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Flow Testing

Mondello Technical School

Joe MondelloWant to learn how to port heads from the master himself? Joe teaches a hands on head porting school out his facilities in Paso Robles, CA. The five day, nine hours per day, course teaches you the theories behind porting and shaping cylinder heads. Learn to use top of the line equipment, including the 620 Superflow Flowbench and a computerized cam profiler. You'll also learn how to select the proper cam, intake, and carburetors to achieve maximum results. Food and lodging provided. He's also got a Davenport small engine dyno for testing Briggs and Stratton engines, for you go-cart and junior dragster fans.

For more information:
http://www.mondellotwister.com/

1-888-MONDELLO
We decided to have a reputable and independent source test the heads for us. Who better than legendary head designer Joe Mondello. For those of you who don't know, Mondello is arguably the worlds most definitive source on cylinder heads. Having worked for Caroll Shelby back in the '60's, then helping design GM and Olds heads for most of his career, Mondello heads have been on everything from Lemans winning Cobras, to the NHRA and IHRA record holding Top Fuel dragsters. Today Joe passes his knowledge of cylinder head and engine building through the Mondello Technical School, a fully equipped facility based in Paso Robles, Ca (see side bar). Joe was gracious enough to offer his services and facilities so we could put together this article. In fact, what may be more remarkable than Mondello's cylinder heads, is his patience. Due to the problems mentioned above, we rescheduled the test day at least six times over as many months, mainly due to one manufacturer promising heads but not delivering. Fortunately Joe accomodated our schedule and we finally made it down to the school. Joe and his assistant Shawn Corchero spent the day with our Technical Editor Jim Langley, and we finally got all the heads tested.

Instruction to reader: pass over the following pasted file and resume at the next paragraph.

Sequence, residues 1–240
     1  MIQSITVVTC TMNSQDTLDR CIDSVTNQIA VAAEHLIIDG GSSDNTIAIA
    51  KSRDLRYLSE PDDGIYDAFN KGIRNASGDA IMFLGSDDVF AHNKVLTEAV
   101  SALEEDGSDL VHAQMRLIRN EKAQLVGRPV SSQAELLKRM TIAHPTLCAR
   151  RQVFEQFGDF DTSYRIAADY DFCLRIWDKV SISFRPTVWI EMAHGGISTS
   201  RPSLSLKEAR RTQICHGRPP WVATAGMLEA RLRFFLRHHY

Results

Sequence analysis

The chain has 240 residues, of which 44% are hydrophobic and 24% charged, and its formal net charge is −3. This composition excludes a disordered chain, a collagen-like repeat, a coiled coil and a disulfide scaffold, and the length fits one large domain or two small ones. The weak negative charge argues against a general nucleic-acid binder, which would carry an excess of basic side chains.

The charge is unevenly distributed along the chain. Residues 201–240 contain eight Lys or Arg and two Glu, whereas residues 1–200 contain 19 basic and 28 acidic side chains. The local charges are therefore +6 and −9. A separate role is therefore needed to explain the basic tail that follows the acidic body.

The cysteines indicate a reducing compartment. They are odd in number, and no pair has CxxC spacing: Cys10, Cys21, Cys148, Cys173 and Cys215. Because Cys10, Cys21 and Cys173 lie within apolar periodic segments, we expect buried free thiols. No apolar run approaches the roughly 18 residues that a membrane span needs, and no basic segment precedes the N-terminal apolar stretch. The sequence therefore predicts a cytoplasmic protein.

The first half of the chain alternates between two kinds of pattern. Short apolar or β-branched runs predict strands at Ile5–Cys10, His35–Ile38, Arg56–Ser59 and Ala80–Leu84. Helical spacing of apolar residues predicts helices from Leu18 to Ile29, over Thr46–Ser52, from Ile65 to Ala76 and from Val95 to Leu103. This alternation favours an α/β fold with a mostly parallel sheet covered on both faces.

Test Procedure
We felt it was important to test exactly what the consumer would receive, so we explicitly specified the heads must be in box stock form, no porting, polishing, or additional machine work was allowed. The only modified heads we tested were some of our home ported stock heads, to see how they fare against the aftermarket heads. All the heads were tested on a state of the art, industry standard, Superflow 600 flowbench. Each head was tested at a standard pressure of 28-in. of H20. To simulate actual transitions, the intake side was fitted with a clay lip, and the exhaust port was fitted with a 1 7/8" diameter pipe, approx. 4" long with a 90 deg. bend. The bore size used was 4.030". The end chamber was tested on each head. Both the intake and exhaust side were flowed in .100" lift increments, to at least .600", or until max flow was reached.


The head fixtures: note the clay lip on the intake port, the 1 7/8" header tube on the exhaust side. The head sits on a 4.030" bore fixture.Inside the bore is a honeycomb fixture to measure "swirl" of the intake air as it exits the intake valve.